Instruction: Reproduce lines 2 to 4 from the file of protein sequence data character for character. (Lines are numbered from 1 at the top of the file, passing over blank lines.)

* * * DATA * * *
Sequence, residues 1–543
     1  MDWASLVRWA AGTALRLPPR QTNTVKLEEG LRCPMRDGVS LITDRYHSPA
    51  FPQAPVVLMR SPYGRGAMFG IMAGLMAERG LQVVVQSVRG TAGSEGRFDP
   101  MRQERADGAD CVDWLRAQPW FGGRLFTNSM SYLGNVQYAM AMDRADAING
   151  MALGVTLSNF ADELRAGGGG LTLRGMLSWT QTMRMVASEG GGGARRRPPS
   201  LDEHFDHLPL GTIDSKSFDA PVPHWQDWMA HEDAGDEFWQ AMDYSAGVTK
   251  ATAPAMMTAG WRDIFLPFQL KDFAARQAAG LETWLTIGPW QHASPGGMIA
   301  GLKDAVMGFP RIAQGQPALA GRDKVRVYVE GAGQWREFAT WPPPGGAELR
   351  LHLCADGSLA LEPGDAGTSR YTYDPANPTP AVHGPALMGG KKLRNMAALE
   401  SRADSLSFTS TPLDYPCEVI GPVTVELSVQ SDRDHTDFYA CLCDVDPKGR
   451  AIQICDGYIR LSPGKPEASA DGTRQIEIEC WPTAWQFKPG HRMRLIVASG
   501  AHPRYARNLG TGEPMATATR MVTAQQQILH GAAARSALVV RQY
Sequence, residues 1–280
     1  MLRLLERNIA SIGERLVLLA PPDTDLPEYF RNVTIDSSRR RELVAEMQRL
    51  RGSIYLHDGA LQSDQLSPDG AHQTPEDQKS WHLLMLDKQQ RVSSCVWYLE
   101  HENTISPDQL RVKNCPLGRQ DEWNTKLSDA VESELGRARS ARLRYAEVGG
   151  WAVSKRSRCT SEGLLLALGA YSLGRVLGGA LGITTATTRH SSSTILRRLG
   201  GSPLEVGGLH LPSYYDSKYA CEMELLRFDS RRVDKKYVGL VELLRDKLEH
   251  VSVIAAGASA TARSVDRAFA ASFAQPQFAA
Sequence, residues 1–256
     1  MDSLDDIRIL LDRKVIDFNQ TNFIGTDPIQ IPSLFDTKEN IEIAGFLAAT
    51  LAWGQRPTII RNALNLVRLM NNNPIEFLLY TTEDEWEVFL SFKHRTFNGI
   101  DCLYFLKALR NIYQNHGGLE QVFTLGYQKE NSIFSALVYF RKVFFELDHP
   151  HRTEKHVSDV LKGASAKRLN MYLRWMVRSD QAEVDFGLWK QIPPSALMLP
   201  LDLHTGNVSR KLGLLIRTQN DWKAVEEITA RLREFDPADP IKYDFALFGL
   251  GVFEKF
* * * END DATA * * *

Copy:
     1  MDWASLVRWA AGTALRLPPR QTNTVKLEEG LRCPMRDGVS LITDRYHSPA
    51  FPQAPVVLMR SPYGRGAMFG IMAGLMAERG LQVVVQSVRG TAGSEGRFDP
   101  MRQERADGAD CVDWLRAQPW FGGRLFTNSM SYLGNVQYAM AMDRADAING